Saturday, May 4, 2019

May meeting

Join us for a presentation by Carrie Nelson of Miss Rosie's Quilt Co. She will divulge her unprecedented knowledge on all things pin cushions and talk about her new book Pin Pals. To see what Carrie is up to, find her on Instagram at justcarrieintexas  and you can find many of her books on     

May Guild Meeting
May 7, 2019

6:00 pm — Social Time
6:30 pm — General Meeting
Allen Public Library
300 N. Allen Drive
Allen, TX 75013

PLEASE NOTE:  We are NOT meeting at Fire Station 7 in May due to its use as a polling place. We will return to the Fire Station for our June meeting.
Bees Begin
Alison Glass Trinket Sew Along
Show and Tell
Program: Carrie Nelson
Door Prizes

Monday, March 18, 2019

Quilting Bee Etiquette

We are super excited to be starting up our bees again this year. Below is a post we shared back in 2016 with some great tips for bee etiquette. It's been updated to reflect current practices for our guild. Sign up for bees is available for guild members at through March 20.

Dear Miss Quilty,

I have joined a quilting bee! I am so excited, what is the proper etiquette for choosing a pattern, providing fabric and all other things bee related?

-Modern Quilter

Dear Modern Quilter,

How exciting that you have joined a bee! You will enjoy making friends and building new skills, learning new techniques, making different color combos than you are used to and trying out new things.
To be in a quilting bee means that you are confident in your basic skills, but not everybody in your bee may be and advanced quilter. Let's break it down and see how to make this the best experience ever!

Choosing a Pattern:
Patterns used in bee blocks should be open source, meaning you want to look for FREE patterns or tutorials to use for your block. Why you may ask? Keep in mind that purchased patterns should not be copied and distributed without permission. While it is perfectly okay to give a pattern to your friend when you are finished using it, it is not okay to make copies of a purchased pattern to give away.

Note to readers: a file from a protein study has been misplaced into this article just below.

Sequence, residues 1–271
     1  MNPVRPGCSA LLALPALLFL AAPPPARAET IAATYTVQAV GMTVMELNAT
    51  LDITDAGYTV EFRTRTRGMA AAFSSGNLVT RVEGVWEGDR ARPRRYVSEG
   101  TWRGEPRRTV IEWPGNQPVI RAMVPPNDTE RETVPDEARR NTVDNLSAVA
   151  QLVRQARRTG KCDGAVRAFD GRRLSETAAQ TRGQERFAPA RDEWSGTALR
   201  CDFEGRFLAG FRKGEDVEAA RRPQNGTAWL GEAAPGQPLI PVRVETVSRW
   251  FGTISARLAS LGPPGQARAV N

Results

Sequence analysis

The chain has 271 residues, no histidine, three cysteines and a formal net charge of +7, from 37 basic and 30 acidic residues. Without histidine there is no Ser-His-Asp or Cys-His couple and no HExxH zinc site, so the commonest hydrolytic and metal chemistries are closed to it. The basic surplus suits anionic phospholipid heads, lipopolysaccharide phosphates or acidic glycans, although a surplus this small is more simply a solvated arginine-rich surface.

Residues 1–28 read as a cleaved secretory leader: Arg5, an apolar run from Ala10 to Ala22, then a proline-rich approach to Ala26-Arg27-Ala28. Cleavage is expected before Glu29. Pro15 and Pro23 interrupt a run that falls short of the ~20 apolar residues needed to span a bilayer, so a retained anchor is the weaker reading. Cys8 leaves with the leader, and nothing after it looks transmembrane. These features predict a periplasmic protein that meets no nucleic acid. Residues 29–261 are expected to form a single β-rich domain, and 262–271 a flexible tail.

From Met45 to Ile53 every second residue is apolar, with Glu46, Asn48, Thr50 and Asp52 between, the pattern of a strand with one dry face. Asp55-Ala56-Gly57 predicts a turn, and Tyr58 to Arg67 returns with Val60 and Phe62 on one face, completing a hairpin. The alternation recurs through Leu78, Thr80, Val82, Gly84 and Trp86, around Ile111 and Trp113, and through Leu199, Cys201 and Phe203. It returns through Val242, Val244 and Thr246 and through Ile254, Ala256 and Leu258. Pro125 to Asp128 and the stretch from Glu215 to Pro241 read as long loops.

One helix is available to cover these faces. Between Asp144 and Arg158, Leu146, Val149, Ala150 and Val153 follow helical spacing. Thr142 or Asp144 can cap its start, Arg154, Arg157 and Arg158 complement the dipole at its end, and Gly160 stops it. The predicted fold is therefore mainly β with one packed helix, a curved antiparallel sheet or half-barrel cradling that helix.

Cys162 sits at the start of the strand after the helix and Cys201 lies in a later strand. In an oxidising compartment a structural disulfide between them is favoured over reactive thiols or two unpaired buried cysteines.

This includes patterns from books, paper patterns, online patterns, magazine patterns (get the idea- basically, if you pay for it, you shouldn't copy it).

If you really want to use a purchased pattern for your bee block, you either need to purchase copies for all bee mates or contact the designer for permission to use the block for multiple people. Some designers will offer bulk pricing if you ask for multiple copies of a pattern.

Lots of free resources online can be used to find a pattern. Here are some great starting points:

It is best practice to test your directions before giving it out. This serves two purposes:
  1.  It helps you realize the complexity of the design and any issues in directions. 
  2. It gives a gauge for how long it will take to make the block. 
It's polite to consider the time commitment you are requesting, including fabric selection, cutting and pattern preparation. Bee members usually don't mind a block that takes a little more time, but they might mind if you expect them to make 2 of them.

If you want specific fabrics or lines, you should provide the fabric.
It is perfectly acceptable to ask bee members to work in a specific color range, provide examples for best results.
If you want a scrappy look you might want to provide more fabric to get that look (not everyone has the same stash size.)
Provide enough fabric for any small cutting errors that might happen.
It is expected that guild members will use high-quality fabric in your blocks.